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Noah Feldman
Noah Feldman is Bemis Professor of Law at Harvard Law School and author of “The Fall and Rise of the Islamic State.” The book is a history of the traditional Islamic constitution.
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Shadi Hamid
Shadi Hamid is the Director of Research, Brookings Doha Center and a 
Fellow at the Saban Center for Middle East Policy. Hamid focuses on Islamist political parties and democratic reform in the Middle East.
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Afshin Molavi
Afshin Molavi is a Middle East specialist at the New America Foundation. Molavi studies the geo-politics and geo-economics of the Middle East and Asia, as well as the links between economic development and democratization.
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Robert Satloff
Robert Satloff is executive director of The Washington Institute. He also holds the Institute's Howard P. Berkowitz Chair in U.S. Middle East Policy. He is an expert on Arab and Islamic politics as well as U.S. Middle East policy.
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History of Islamist movements
Joseph Braude traces the history of Islamist movements from the founding of the Muslim Brotherhood in Egypt in 1928 to today.
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Adapted from the broadcast audio segment; use the audio player to listen to the story in its entirety.

Islamism is an approach to politics based on an interpretation of Islamic teachings. It’s a broad term that refers to political parties, social movements, and armed groups with differing views on democracy, women, and the use of violence.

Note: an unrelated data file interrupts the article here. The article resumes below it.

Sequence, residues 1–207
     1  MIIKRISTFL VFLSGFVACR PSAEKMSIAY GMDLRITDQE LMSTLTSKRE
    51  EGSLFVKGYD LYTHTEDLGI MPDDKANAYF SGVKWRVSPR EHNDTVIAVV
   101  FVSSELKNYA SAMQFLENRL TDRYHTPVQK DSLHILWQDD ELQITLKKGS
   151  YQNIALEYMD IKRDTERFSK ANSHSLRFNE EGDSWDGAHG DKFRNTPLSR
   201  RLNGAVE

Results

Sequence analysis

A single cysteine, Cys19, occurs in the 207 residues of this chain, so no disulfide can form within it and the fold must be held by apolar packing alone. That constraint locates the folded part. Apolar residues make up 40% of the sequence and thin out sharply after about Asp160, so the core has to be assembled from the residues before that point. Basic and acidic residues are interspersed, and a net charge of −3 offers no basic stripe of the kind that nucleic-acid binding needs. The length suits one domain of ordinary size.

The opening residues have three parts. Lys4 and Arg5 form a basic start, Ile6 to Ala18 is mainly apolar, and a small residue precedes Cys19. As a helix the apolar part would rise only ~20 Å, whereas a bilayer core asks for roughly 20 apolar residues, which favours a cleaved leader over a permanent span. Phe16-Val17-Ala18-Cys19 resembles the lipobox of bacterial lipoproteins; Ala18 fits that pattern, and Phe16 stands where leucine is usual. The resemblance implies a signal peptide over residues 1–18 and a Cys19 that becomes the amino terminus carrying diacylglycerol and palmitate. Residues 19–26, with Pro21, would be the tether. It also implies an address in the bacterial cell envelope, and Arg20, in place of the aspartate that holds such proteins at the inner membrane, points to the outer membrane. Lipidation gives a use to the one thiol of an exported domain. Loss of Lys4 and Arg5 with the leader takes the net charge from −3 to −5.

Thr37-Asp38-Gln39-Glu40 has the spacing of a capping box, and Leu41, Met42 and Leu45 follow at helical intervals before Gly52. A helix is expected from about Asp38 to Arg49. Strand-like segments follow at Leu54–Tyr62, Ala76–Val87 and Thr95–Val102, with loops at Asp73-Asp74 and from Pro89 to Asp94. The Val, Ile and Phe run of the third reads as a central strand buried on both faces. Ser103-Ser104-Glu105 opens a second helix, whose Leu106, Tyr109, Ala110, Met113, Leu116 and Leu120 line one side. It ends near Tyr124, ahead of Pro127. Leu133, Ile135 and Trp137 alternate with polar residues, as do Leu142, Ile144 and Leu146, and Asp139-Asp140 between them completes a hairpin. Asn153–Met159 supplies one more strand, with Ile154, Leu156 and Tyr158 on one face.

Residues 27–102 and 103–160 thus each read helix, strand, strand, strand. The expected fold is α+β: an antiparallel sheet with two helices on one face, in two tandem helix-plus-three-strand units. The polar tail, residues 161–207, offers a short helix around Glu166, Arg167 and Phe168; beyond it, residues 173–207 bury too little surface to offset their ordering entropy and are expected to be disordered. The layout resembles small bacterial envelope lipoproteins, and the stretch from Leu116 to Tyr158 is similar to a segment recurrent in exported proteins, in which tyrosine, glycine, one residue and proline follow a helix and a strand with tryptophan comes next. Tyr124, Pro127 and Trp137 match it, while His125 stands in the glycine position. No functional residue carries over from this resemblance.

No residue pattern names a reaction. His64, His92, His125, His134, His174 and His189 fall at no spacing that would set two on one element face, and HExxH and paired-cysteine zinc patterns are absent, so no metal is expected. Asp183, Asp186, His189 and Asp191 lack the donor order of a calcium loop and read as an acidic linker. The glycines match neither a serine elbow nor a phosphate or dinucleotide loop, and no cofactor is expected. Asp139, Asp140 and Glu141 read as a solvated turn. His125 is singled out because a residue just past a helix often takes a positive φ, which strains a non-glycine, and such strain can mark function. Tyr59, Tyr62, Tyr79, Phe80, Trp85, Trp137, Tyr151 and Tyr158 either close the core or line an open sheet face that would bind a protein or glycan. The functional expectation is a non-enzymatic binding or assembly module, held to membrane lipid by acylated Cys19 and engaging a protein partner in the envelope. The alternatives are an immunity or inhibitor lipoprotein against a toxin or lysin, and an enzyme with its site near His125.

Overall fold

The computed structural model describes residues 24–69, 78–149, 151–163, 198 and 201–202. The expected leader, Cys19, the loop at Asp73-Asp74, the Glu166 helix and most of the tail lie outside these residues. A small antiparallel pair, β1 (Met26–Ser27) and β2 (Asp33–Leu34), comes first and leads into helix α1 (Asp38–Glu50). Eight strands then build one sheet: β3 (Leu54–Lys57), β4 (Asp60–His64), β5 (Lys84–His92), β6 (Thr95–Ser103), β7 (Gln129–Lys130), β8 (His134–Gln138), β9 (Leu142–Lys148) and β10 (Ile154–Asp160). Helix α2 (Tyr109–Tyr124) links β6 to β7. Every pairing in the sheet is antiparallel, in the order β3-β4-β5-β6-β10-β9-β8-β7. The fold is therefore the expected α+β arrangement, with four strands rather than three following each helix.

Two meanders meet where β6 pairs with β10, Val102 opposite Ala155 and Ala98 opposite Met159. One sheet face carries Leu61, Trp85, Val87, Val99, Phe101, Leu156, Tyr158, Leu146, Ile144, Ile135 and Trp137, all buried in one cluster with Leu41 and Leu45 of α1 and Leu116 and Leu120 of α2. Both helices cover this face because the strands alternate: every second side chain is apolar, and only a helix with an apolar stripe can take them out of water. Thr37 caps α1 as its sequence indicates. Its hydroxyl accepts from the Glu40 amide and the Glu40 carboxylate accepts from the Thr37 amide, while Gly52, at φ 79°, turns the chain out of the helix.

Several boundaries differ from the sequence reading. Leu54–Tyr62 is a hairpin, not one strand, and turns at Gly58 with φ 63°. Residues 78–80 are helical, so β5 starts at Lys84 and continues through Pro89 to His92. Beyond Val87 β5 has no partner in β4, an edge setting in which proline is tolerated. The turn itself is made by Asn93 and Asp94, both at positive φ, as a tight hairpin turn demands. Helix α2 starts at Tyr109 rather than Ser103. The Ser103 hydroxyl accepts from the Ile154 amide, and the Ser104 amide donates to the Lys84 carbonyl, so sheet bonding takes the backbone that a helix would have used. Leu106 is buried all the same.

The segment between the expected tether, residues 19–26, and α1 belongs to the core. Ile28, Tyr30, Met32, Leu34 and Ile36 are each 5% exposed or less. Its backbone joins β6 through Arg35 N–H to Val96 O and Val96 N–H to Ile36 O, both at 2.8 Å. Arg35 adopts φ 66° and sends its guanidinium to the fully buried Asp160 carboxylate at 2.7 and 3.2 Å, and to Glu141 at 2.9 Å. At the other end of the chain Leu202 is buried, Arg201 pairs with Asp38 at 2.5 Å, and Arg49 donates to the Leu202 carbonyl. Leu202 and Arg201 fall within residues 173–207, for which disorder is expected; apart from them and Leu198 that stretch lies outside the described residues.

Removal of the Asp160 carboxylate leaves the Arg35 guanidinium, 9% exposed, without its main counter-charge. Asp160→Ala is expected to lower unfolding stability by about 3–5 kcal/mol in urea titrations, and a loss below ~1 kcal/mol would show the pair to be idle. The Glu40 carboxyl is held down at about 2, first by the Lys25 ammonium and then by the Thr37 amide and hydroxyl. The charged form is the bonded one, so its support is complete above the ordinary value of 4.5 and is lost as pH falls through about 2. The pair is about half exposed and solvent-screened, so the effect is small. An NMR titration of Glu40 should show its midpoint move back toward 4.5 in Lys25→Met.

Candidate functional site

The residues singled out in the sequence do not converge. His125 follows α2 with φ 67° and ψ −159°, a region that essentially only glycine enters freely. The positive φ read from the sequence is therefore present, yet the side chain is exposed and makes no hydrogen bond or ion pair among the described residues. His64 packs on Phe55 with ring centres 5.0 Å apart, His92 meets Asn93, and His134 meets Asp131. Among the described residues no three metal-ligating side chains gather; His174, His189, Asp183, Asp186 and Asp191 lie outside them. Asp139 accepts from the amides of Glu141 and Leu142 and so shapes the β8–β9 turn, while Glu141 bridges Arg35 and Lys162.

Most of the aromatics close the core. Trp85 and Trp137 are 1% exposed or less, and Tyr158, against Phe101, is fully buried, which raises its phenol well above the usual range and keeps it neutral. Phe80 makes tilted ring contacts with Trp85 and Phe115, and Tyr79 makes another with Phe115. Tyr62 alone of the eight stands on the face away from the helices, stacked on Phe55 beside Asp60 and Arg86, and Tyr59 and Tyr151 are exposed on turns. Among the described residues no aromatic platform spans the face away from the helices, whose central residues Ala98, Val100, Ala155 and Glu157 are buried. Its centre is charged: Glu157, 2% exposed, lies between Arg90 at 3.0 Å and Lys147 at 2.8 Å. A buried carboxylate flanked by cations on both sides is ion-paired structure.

Noah Feldman is a professor at Harvard Law School and author of The Fall and Rise of the Islamic State. He places the rise of Islamism at the early 20th century, when the Ottoman Empire surrendered to European powers at the end of World War I. 

“The defeat of the Ottoman Empire was a kind of epochal moment for Muslim history. For the first time, the caliphate, which had previously been able to claim a continuous history going back more than a millennium, was no longer in existence. This caused many people in different parts of the Muslim world to ask themselves what went wrong. One of the answers that some people sought was to say that the true values and beliefs of Islam had been abandoned.”

In 1928, a schoolteacher in Egypt named Hasan al-Banna founded a movement called the Muslim Brotherhood. He told his followers that the Koran promises victory to those who embrace it and that Muslim societies had failed because they had been corrupted by Western culture. Banna called for a return to the pristine values of the Koran and traditions of the prophet Muhammad.

As secular Arab nationalism emerged as the ruling ideology in Egypt and Syria, Brotherhood activists declared that it was godless and therefore illegitimate. Only the teachings of Islam would enable Muslims to succeed as a civilization. Feldman says that making their case was not so easy at first.